A request for the relocation of a child’s residence is one of the most difficult areas of family law. There are many factors that can affect this type of modification request and the judge’s approval of it. If a parent is requesting a relocation due to a new job or remarriage, it is often accompanied by an inquiry by the judge into the child’s interest. If it is in the child’s interest to relocate with the custodial parent, the judge may grant the modification. However, there must be the assurance that there are funds and abilities for one or both parents to facilitate necessary travel for adequate visitation with the other parent.

If it is not in the child’s interest, because of school activities or a connection with the community or other family members that live near the child, the judge may adjust custody so that the non-custodial parent becomes the custodial parent. That way, the child can live full-time in their original community. Nevertheless, this is a very complicated area, and each situation is a different case. It is highly recommended that parents involved in one of these situations or a similar situation take the advice of legal counsel and representation by a family law attorney with move-away request experience.

How to Resolve Contested Divorce Mediation


Q: How Old Does a Child Have to Be to Choose Which Parent to Live With in California?

A: California family court recognizes children’s preference for which parent to live with at the age of 14. At this age, they have a right under state law to express their preference regarding which parent they prefer to live with. Not only must the child be 14 years old, but they must also be of sound mind when making their choice, and their choice must not conflict with their overall optimal interest.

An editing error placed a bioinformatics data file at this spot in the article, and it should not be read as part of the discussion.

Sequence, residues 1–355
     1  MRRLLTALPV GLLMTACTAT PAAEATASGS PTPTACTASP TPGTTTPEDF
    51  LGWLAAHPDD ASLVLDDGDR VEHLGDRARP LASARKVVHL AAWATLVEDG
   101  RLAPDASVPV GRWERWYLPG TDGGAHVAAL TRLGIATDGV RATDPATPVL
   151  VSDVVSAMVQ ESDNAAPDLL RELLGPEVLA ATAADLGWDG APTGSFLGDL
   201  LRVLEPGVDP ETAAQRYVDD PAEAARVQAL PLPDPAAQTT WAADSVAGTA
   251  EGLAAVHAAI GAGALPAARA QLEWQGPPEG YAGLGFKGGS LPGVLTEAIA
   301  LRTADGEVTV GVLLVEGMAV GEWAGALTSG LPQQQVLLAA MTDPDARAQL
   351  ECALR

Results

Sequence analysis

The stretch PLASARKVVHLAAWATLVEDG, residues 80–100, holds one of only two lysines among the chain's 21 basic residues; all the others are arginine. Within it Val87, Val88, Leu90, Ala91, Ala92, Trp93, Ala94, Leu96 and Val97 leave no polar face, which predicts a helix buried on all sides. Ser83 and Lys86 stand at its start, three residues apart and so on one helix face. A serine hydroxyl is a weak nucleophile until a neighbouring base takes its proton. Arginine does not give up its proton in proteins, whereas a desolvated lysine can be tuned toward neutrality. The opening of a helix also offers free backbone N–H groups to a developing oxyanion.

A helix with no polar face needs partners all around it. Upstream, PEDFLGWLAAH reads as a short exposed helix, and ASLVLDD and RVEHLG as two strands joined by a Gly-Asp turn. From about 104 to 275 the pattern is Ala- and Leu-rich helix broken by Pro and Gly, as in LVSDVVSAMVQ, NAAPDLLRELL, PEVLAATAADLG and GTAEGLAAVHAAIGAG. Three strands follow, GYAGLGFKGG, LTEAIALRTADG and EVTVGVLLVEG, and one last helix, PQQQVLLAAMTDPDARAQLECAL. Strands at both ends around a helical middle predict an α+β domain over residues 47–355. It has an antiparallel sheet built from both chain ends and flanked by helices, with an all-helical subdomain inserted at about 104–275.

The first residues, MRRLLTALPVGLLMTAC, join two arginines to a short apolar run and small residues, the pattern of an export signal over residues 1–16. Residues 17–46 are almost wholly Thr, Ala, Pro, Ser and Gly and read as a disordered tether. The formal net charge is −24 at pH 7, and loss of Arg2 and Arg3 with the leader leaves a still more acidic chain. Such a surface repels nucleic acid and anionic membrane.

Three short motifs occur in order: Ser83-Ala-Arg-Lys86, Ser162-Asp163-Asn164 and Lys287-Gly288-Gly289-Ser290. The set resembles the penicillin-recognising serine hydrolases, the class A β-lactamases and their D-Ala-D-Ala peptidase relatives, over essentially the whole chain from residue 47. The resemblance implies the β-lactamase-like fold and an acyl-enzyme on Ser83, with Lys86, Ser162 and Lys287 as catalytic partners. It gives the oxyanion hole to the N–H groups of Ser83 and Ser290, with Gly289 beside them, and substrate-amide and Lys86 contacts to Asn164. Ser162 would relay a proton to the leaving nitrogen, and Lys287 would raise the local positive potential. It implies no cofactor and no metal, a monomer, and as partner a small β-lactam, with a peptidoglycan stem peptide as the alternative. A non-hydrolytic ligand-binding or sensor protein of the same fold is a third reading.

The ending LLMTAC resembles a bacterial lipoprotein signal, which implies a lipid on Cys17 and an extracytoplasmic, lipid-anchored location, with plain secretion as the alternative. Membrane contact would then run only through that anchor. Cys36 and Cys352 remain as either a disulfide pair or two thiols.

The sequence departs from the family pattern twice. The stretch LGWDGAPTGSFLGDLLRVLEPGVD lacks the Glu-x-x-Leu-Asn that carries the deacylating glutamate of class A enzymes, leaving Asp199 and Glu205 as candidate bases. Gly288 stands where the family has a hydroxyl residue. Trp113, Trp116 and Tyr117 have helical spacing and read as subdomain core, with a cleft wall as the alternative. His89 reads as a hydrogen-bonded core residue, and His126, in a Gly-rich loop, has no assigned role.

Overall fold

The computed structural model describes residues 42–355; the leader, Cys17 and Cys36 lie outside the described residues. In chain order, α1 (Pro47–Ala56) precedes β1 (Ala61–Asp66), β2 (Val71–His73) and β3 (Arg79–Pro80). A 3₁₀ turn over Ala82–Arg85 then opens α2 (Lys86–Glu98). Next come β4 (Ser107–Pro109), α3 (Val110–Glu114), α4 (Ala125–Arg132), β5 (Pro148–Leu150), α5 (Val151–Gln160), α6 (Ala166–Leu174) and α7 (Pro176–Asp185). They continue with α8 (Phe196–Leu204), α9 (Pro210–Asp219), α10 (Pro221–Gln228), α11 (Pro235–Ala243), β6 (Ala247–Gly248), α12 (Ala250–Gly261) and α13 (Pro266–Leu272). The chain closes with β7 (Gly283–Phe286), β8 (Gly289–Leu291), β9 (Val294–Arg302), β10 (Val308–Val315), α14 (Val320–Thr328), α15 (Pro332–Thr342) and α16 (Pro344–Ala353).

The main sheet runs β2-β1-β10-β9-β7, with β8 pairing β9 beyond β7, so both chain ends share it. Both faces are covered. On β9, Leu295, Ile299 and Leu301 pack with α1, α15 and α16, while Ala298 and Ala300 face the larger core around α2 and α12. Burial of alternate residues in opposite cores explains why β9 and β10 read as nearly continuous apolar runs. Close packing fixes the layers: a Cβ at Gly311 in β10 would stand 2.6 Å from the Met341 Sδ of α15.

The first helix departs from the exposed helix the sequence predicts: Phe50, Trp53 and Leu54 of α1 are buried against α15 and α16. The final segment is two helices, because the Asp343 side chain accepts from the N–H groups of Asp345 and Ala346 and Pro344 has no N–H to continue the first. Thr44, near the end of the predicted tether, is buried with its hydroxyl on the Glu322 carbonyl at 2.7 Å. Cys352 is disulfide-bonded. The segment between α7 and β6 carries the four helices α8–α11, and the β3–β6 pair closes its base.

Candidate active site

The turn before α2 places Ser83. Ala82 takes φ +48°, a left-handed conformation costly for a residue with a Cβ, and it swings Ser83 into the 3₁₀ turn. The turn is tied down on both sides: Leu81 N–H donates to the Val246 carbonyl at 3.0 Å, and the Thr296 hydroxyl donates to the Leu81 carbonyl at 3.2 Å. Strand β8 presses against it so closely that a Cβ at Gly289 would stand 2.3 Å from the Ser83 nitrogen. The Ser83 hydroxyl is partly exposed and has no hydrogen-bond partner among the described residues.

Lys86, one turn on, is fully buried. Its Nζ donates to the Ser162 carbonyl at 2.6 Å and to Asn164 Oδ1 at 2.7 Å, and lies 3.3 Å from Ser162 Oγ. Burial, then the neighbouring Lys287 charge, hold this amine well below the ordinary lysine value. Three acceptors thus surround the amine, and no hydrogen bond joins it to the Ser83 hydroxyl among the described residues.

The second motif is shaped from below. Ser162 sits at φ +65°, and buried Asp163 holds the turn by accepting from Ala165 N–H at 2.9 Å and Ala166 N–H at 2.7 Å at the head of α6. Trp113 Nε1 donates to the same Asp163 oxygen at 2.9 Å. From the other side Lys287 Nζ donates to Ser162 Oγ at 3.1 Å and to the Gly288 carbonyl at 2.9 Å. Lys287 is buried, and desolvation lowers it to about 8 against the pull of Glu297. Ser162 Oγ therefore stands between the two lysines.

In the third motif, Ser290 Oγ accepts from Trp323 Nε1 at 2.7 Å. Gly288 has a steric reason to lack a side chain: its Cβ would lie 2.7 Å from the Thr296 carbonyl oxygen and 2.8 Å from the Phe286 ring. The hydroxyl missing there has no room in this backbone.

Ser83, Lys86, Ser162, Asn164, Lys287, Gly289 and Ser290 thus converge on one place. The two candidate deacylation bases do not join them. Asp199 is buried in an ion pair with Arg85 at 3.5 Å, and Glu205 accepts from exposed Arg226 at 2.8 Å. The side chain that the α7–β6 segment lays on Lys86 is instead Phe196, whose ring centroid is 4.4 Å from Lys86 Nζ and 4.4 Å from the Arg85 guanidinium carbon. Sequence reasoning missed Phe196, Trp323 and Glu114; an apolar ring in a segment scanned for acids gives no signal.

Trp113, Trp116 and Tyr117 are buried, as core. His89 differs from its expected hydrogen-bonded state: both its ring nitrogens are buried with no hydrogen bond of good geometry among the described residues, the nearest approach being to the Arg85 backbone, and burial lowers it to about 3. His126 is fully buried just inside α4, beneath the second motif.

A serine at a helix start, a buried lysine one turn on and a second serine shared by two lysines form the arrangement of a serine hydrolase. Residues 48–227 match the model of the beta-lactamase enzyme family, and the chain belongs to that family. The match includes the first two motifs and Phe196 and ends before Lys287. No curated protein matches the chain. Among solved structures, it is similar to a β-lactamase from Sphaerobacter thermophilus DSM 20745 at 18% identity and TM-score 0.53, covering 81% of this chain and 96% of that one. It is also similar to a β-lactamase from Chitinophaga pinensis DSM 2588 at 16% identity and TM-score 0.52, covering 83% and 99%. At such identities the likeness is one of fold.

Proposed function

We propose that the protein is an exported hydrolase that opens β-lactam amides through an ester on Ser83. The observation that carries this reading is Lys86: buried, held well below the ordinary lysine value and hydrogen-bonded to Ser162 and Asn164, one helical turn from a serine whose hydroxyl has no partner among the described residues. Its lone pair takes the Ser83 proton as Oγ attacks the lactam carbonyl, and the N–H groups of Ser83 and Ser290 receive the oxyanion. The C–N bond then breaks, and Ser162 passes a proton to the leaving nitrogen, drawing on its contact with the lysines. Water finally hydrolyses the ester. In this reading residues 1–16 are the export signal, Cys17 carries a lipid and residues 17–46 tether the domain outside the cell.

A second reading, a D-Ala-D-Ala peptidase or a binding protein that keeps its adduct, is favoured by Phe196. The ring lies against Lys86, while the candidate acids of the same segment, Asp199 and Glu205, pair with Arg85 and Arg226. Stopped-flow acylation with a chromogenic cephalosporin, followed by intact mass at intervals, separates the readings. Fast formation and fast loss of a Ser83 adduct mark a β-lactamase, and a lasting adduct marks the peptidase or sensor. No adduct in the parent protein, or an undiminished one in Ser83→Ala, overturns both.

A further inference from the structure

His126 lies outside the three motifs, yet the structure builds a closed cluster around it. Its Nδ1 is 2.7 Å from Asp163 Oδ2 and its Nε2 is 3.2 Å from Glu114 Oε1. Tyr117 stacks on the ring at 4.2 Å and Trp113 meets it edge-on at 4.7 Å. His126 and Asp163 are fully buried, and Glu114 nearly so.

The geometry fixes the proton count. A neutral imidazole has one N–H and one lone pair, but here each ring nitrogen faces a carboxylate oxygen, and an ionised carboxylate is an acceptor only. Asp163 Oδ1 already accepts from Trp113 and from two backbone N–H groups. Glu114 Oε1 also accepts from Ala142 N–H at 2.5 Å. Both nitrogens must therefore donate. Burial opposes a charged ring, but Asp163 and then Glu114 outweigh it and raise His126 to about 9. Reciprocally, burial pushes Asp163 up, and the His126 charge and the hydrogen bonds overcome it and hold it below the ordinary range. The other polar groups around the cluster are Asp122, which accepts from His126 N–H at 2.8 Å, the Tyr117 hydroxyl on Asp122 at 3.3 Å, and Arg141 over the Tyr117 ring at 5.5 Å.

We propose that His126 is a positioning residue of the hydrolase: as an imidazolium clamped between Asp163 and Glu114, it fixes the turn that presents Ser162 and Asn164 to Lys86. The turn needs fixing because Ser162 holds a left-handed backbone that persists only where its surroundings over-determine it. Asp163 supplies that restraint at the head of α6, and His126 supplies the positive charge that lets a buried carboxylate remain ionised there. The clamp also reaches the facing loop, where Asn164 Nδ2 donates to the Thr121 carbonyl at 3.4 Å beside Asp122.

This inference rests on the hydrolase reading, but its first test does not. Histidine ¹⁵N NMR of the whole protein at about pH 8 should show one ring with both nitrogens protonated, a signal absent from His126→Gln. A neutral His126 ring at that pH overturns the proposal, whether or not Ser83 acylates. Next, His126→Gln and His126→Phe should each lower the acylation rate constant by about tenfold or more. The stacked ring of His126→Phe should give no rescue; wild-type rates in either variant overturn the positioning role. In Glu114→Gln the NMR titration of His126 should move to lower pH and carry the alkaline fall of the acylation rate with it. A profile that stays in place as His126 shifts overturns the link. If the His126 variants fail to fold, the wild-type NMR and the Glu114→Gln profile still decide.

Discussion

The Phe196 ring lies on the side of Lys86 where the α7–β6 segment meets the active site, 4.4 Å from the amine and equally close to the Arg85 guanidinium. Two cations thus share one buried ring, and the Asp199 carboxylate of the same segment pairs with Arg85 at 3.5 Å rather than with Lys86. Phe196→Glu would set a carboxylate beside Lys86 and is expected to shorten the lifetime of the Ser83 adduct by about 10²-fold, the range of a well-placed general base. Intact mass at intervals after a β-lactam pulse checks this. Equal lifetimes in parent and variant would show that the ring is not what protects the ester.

Q: Can a Child Refuse to Visit Their Other Parent or Refuse to Follow Court Orders?

A: Although a child can choose which parent they prefer to live with, at the age of 14, they cannot choose to not participate in the parental visitation arrangements set forth in the parenting plan until they are 18 years of age or emancipated. These arrangements are court-ordered, and it would require a modification by the court to change them.

Q: What Are the Grounds for Modifying Spousal Support in California?

A: Life changes that justify grounds for post-decree spousal support modifications must be substantial and ongoing. These include:

  • Reduction of income for the paying spouse
  • Remarriage or cohabitation of the supported spouse
  • Gainful employment or inheritance for the supported spouse
  • Retirement of the paying spouse

Q: What Cannot Be Changed by a Post-Decree Modification?

A: There are certain provisions of a divorce decree that are ineligible for modification. California courts will not revisit or modify property division rulings or reassess responsibility for debt. The individual parties may agree to different terms on their own accord, but it will not be a court-ordered modification that can be legally enforced.

Obtaining an Attorney to Represent You in Your Post-Decree Modification Case

If you need to modify your divorce decree terms, hiring an experienced family law attorney to navigate you through the modification request can expedite the process and create less stress for the family. Bickford Blado & Botros are skilled in representing clients in successful modification cases. We are prepared to argue on your family’s behalf if necessary, all while protecting and defending your rights. Call Bickford Blado & Botros to learn more about our family law services.